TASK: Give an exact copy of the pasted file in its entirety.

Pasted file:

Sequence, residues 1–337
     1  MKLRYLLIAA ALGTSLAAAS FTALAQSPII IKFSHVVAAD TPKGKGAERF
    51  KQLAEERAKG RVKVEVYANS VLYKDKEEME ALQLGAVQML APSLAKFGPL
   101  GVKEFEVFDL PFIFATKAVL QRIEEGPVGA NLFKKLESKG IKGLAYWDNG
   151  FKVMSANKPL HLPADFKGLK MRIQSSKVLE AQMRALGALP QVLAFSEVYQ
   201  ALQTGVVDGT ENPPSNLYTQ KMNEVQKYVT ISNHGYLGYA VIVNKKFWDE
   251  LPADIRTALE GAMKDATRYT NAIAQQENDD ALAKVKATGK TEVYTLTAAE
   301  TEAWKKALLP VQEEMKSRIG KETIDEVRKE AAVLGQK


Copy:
Sequence, residues 1–337
     1  MKLRYLLIAA ALGTSLAAAS FTALAQSPII IKFSHVVAAD TPKGKGAERF
    51  KQLAEERAKG RVKVEVYANS VLYKDKEEME ALQLGAVQML APSLAKFGPL
   101  GVKEFEVFDL PFIFATKAVL QRIEEGPVGA NLFKKLESKG IKGLAYWDNG
   151  FKVMSANKPL HLPADFKGLK MRIQSSKVLE AQMRALGALP QVLAFSEVYQ
   201  ALQTGVVDGT ENPPSNLYTQ KMNEVQKYVT ISNHGYLGYA VIVNKKFWDE
   251  LPADIRTALE GAMKDATRYT NAIAQQENDD ALAKVKATGK TEVYTLTAAE
   301  TEAWKKALLP VQEEMKSRIG KETIDEVRKE AAVLGQK